Mr Hudson can see that he's lost the initiative and walks away. He disappears into the back office. Julie, our secretary, picks up the coffee and mimes drinking to me. I nod, and she puts on the kettle.
"Certainly madam. Perhaps you could give me a few particulars. What name is it, please?"
It takes me about five minutes to establish all the details and arrange an appointment. She sounds in a hurry. She is very anxious for me to call around today, and foolishly I agree, forgetting that I haven't got my car. I shall have to go by bus.
While I am talking, Julie brings over the coffee and sits on the edge of my desk drinking hers and waiting for me to finish. Julie is definitely a nine. Maybe she is the one. I try not to look at her as I talk but no matter where I look my gaze seems unfailingly to return to her chest. I find myself talking to the woman on the phone and staring at Julie's breasts. They are hypnotic. Like the eyes on a painting which seem to follow you round the room, Julie’s breasts are always about six inches in front of my eyes. I shut them as I talk, so that I can concentrate, but I can't resist peeping. And there they are. Hovering just in front of my nose. Every time she takes a mouthful of coffee her breasts strain against the thin fabric of her blouse. She seems unaware of the effect she is having on me.
Listen. Perhaps you think it's because of Julie that I need to kill my wife. You're wrong. I promise I'll tell you more later, but now isn't the time.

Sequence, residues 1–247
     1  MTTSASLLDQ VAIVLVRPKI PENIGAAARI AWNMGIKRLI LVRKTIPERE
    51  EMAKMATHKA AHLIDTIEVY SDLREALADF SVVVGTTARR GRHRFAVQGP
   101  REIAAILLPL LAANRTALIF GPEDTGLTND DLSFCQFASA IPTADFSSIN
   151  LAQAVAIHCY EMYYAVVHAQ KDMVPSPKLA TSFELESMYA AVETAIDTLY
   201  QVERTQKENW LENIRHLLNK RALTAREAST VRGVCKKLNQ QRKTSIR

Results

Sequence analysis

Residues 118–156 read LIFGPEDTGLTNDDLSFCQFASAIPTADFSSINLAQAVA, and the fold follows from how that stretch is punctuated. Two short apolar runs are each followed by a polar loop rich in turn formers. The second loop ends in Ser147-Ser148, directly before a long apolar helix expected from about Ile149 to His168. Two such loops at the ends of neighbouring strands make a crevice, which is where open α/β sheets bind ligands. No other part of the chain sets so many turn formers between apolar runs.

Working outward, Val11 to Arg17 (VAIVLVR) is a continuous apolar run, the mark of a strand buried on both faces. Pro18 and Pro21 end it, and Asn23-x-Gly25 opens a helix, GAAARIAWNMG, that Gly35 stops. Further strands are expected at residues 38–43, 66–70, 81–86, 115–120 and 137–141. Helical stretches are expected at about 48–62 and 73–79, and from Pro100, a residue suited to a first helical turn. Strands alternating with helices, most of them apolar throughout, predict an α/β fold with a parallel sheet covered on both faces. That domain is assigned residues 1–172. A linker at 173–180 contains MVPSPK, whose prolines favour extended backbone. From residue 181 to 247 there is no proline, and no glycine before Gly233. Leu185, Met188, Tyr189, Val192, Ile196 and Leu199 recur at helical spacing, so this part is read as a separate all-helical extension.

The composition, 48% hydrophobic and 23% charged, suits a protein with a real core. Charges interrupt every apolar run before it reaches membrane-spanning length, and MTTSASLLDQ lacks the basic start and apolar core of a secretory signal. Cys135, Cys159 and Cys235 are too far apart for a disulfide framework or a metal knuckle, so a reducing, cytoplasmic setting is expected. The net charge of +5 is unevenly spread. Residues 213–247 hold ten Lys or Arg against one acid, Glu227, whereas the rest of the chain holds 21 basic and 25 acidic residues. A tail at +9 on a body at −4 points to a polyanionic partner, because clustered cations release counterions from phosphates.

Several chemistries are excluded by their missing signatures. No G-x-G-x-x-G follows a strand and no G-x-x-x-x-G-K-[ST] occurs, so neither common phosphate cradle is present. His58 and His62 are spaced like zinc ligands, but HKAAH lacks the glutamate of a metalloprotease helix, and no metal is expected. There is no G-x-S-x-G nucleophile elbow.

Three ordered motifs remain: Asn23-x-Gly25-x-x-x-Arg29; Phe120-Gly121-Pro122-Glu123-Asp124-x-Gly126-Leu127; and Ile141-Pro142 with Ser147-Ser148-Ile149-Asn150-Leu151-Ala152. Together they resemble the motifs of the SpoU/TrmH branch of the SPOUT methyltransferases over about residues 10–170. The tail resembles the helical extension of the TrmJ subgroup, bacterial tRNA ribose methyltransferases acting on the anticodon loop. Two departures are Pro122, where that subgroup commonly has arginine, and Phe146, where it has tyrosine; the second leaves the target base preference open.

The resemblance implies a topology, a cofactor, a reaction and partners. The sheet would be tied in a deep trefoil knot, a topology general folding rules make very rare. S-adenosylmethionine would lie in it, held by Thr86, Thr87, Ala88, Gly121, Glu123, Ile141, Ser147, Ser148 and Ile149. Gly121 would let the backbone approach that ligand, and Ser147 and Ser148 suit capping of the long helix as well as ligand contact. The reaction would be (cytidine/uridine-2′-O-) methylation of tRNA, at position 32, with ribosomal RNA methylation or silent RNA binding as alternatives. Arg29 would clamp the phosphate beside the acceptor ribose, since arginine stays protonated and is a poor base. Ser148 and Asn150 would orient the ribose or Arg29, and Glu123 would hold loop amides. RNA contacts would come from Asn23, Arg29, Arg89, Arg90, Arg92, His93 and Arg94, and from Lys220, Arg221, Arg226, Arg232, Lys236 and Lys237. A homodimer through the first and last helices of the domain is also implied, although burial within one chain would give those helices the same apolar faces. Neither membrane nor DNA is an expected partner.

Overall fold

I think I might be falling in love with Julie. She doesn't know it yet. I wouldn't even have considered that if Gail still loved me. I pull my stomach in and turn on all my charm as I finalise the arrangements on the phone. Julie crosses her legs as she shifts her weight from one buttock to the other. I think my pulse rate just doubled. My hand is shaking as I pick up the coffee cup and take a nonchalant swig.
Somehow my mouth isn't where it used to be and half the coffee drains down my chin. Julie is almost hysterical with laughter. God, what I'd give to be suave. Why is it that some men are suave and others aren't? Why is it that my brain thinks suave and my body thinks plonker? Do other people have this problem? Sometimes I think there was a mixup. I got the wrong body. My brain knows it should have been in a body that was five inches taller and coordinated. I don't mean colour coordinated you understand. I'm not complaining that I've got one brown limb and three white ones. Just that my muscles and limbs are about two miliseconds out of sync with my brain. Two miliseconds may not sound a lot, but when your coffee is draining off your chin, it's a lot.